What is it?
Maybe it’s the comically offensive exhaust. Think reverberant metallic boom, punctuated by a resounding crack on the upshift, and often finished with the cymbal hiss of the dump valve’s release. Or perhaps it’s the styling that – to these eyes at least – has stuck two fingers up at tasteful and gleefully gone on to embrace flamboyancy.
More likely than any of that, it’s the no-prisoners performance served up by the 452bhp, 398lb ft 2.0-litre turbocharged motor.
Regardless of the specifics, the Renntech Mercedes A 45 AMG is an oddly addictive thing.
For £3599, the Nürburgring-based tuners will take your stock A 45 AMG, update its software, put a bigger turbo on that boosts pressure up from 1.85 to 2.05bar and deliver you a car that will do 0-62mph in 3.9sec and strop right on to a faintly ludicrous 186mph. That’s improved from 4.6sec and a limited 155mph in the (hardly faint-hearted) standard A 45 AMG, which produces a mere 355bhp and 332lb ft.
Naturally, Renntech will upgrade the chassis and brakes, too. For £2050 including fitting, you get a set of Pagid brake pads and Bilstein coilovers (tuned and set up by Renntech) in the softer of two available set-ups, catchily titled the ‘Fast Road B16’ package. Opting for the firmer Clubsport set-up, as fitted to our test car, will cost a further £1626. Finally, our car also came with Renntech’s sports exhaust downpipe and catalytic converter, at £1935. At least the trick Dunlop tyres are thrown in for free.
You can opt out of the carbonfibre bonnet and garish decals if you wish, and the £6000 19in forged alloys that our car sits on are also probably an unwise expenditure.
What's it like?
It’s hard not to look at the Renntech A 45 and immediately expect it to be something that’s way over the top for UK roads, but the creation isn’t as monstrous in practice as it first appears.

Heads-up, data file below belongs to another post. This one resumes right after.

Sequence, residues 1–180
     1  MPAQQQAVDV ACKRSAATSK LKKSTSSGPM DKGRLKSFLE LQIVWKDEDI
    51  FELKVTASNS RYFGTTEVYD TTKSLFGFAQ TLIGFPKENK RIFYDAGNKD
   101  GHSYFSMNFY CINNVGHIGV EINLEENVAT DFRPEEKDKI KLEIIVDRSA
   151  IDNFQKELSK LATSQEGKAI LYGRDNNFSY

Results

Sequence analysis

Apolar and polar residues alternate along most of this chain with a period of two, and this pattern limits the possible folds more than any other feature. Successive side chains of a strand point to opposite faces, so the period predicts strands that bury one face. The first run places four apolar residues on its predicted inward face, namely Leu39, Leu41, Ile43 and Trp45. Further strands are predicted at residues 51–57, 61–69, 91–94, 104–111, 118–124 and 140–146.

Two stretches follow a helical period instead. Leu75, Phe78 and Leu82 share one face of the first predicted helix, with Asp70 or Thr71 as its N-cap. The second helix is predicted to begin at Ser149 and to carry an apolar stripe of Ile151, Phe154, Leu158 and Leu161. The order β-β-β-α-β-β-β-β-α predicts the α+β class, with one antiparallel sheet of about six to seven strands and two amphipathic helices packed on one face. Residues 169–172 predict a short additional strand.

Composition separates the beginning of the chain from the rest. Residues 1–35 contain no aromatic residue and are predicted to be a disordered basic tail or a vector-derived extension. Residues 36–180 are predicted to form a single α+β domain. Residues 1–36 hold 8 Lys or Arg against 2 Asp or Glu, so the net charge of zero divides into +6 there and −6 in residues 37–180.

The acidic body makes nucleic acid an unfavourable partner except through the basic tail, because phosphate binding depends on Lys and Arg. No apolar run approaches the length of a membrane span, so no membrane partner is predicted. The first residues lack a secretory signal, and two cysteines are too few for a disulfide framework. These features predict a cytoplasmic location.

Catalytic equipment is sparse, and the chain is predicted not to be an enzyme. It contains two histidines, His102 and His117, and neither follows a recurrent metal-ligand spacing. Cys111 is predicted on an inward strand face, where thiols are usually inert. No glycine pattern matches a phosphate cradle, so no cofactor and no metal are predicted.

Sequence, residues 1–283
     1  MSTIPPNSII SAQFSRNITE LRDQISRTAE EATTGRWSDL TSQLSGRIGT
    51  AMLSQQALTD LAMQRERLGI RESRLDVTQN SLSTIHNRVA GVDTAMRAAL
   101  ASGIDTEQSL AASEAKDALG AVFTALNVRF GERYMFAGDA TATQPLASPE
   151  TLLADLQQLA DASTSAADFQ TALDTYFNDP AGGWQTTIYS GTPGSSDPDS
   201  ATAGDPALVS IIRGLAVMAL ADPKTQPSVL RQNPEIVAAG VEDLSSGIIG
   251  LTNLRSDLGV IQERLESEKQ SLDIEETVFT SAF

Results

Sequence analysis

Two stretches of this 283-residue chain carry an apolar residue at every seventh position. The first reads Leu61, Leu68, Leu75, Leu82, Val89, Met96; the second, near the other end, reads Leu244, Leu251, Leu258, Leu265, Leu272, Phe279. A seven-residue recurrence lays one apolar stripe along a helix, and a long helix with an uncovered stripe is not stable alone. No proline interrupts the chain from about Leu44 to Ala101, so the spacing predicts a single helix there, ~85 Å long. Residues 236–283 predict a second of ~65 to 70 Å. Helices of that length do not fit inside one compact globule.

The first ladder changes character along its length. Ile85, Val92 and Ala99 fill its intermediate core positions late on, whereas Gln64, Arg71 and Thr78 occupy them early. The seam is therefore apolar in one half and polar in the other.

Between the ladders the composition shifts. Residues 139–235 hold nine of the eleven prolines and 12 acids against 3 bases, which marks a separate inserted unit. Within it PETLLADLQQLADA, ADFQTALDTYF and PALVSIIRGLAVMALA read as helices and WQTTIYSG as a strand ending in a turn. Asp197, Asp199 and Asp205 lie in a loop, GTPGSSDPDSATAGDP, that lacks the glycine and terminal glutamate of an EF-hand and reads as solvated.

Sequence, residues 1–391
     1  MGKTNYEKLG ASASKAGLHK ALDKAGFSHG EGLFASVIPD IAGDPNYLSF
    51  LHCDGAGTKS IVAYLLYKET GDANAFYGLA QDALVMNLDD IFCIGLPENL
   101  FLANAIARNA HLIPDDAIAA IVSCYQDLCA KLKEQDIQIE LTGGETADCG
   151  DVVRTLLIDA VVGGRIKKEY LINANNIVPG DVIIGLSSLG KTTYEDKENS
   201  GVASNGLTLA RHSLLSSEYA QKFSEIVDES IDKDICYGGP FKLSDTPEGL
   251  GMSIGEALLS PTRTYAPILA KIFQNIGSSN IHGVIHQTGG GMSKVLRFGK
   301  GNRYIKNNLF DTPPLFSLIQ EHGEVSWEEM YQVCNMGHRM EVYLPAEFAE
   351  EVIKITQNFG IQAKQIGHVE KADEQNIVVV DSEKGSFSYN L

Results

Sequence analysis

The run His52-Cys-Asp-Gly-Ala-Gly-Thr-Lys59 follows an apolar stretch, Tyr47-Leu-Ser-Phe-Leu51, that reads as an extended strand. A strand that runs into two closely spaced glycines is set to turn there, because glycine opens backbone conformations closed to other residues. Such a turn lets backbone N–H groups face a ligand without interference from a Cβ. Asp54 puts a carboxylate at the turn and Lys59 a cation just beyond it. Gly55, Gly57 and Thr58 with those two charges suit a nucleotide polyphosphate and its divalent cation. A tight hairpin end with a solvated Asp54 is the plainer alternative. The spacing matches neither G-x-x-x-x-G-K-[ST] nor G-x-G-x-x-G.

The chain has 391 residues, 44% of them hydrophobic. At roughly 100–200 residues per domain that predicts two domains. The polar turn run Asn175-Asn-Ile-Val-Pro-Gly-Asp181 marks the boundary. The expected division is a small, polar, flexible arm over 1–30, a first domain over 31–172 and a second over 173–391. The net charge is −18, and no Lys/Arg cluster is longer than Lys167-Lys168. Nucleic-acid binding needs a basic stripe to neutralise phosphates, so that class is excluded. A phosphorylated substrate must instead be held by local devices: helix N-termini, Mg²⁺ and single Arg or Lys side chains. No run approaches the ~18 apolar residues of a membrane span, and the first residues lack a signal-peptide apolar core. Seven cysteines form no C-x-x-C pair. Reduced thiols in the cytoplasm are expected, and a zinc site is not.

The dampers are a particular success. Yes, they’re firm enough that you’ll get lots of short-frequency vertical movement in town or over undulating country roads. More importantly, however, the actual bump absorption and resistance to awkward cambers is effective and sophisticated enough that it keeps the car from skittering over fast mid-corner bumps or jarring uncomfortably over potholes. Stick the seven-speed dual-clutch automatic gearbox in Comfort in order to tame the exhaust and, although tyre and engine noise are still a background hum, the Renntech A 45 is also an acceptable long-distance commuter.
And the engine? The standard AMG take on this 2.0-litre turbocharged motor is pretty remarkable in terms of its outright potency. This has much the same feel, only more, and of just about everything. In particular, it feels much punchier at high revs. Boom past 4500rpm and on to 5000rpm and the Renntech gets a sudden extra surge, keeping up the rate of acceleration with real gusto when the standard A 45 would be spinning into its wheezier realms. Short gearing in the first three ratios also lends a frantic, blink-and-you'll-be-at-the-limiter kind of entertainment to full-bore accelerations, particularly if you spice it up further with the impressively effective launch function.
Is the engine any more characterful? Probably not. A Porsche flat-six is still going to be sweeter revving and more linear, while a BMW M135i's powertrain has a more progressive nature to it, but there is real entertainment in the sheer explosiveness of this A 45.